Michigan Man Sues Dept. of Health and Human Services, States Agency Forced Him to Choose Between Gun Rights and His Grandson
A Michigan man is suing the Michigan Department of Health and Human Services (MDHHS) for violating his rights during a custody case involving his grandson.
According to lawsuit, William Johnson, a 54-year-old disabled Marine Corps veteran with a conceal carry permit was forced to choose between constitutional rights and his grandson after the state agency asked him and his wife to become foster parents.
As reported by Fox News, Johnson’s nightmare began after he arrived at the MDHHS facility to pick up his grandson and was searched for firearms as officials demanded he show his CCW permit. Despite the fact Johnson was not carrying at the time of the incident, MDHHS officials allegedly demanded that he provide the agency with the serial numbers of ALL firearms that he owned and register them with MDHHS.
Naturally confused by the situation, Johnson asked one of the caseworkers why MDHHS was requiring that him to register his firearms with the agency, to which the individual allegedly replied “if you want to care for your grandson you will have to give up some of your constitutional rights.”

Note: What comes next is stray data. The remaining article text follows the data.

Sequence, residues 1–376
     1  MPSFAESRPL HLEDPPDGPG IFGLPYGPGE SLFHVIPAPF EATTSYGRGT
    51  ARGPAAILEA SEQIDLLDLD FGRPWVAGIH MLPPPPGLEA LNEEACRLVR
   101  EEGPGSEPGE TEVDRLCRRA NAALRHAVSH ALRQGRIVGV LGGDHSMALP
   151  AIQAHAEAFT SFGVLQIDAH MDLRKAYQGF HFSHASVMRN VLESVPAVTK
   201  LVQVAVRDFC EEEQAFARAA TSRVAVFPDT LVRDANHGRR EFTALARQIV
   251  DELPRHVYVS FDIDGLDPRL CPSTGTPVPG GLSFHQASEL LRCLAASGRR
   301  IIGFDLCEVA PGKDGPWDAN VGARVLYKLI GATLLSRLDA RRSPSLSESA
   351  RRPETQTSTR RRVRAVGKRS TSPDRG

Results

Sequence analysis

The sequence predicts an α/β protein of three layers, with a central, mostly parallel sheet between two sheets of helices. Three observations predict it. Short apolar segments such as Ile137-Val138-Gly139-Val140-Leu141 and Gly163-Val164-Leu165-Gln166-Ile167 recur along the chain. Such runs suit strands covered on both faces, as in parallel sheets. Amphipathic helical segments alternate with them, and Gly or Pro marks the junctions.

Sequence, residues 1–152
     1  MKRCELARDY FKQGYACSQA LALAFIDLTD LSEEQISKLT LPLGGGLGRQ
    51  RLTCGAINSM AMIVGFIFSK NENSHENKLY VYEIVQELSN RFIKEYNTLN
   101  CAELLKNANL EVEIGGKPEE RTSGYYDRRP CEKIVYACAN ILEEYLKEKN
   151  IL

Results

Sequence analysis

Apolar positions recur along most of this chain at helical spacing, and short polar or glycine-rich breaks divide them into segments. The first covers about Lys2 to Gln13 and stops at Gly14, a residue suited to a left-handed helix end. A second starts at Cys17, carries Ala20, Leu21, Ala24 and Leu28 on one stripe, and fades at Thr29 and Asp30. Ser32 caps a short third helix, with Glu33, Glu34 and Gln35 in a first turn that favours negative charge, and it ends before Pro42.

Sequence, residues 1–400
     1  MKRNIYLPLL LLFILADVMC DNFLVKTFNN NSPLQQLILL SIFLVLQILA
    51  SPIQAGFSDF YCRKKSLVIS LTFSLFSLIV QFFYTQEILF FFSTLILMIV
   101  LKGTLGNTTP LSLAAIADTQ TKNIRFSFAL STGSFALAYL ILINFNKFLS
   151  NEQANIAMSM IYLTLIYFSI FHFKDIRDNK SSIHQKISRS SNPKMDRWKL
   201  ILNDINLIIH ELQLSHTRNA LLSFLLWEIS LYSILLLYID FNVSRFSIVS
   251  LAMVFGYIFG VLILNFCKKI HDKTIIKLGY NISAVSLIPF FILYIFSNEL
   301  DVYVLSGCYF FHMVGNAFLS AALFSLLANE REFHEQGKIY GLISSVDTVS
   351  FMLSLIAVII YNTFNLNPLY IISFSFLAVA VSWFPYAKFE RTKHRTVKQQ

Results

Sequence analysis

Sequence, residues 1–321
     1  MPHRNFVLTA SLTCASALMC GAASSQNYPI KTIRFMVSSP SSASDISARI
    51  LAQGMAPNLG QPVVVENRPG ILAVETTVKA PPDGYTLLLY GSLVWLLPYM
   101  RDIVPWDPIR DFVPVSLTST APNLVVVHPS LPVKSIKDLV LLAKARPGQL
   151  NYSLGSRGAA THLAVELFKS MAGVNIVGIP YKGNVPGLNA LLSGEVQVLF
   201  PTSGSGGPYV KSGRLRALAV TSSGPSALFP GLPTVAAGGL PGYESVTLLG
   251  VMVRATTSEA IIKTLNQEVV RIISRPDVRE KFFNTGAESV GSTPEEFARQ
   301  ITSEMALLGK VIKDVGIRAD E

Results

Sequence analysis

At this point in time Johnson alleges that after he objected to the premise he would have to ‘give up’ his right to keep and bear arms, officials then stated they would not allow a “power struggle,” adding that if he refused to comply MDHHS “would just take his grandson and place him in a foster home.”
Two weeks later, during a hearing on placement of the child, Johnson said a Gogebic County Court judge similarly told him, “if you want to care for your grandson you will have to give up some of your constitutional rights.”
Michigan requires that anyone who wants to be a foster parent must register his handguns with the state as well as keep the guns unloaded and locked in a safe separate from the ammunition. Foster parents in states like Nevada and Oklahoma have challenged similar laws in recent years after being denied foster children over their legally owned firearms. The case against MDHHS also features plaintiffs Brian and Naomi Mason, who said the gun regulations keep them from becoming foster parents.
Johnson’s complaint can be read in full here.
Thoughts on this case? Should owning firearms be prohibited during foster care placements or is this another example of government overreach? Let us know in the comment section below.